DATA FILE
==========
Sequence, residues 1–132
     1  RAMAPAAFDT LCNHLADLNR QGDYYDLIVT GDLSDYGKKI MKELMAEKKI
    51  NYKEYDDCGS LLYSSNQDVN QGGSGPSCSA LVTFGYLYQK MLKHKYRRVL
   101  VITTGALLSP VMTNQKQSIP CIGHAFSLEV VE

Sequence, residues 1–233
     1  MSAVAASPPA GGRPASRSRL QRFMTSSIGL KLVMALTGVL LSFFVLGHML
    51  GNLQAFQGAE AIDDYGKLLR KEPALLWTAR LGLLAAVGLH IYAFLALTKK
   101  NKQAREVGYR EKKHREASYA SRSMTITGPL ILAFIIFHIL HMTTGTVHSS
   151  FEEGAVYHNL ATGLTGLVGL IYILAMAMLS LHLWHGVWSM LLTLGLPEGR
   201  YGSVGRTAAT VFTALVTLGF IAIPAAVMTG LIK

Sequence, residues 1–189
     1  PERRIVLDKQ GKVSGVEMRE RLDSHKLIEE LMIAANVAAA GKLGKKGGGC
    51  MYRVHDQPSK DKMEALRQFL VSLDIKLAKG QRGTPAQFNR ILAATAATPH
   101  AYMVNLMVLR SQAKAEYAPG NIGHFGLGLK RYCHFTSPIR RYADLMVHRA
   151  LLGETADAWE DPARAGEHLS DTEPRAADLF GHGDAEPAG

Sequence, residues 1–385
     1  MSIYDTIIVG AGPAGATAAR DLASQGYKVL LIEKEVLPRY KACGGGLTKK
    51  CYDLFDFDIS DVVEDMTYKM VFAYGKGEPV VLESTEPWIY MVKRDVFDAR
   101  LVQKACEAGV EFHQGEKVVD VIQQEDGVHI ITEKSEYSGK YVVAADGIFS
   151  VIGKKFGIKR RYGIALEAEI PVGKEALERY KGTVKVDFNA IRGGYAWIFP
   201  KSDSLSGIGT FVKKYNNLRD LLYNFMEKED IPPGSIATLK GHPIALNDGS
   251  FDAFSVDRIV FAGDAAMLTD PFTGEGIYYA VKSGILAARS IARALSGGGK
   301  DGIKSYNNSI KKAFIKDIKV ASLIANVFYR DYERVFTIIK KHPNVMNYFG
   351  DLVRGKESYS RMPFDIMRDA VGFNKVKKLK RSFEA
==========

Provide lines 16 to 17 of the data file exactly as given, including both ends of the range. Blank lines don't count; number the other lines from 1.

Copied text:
Sequence, residues 1–385
     1  MSIYDTIIVG AGPAGATAAR DLASQGYKVL LIEKEVLPRY KACGGGLTKK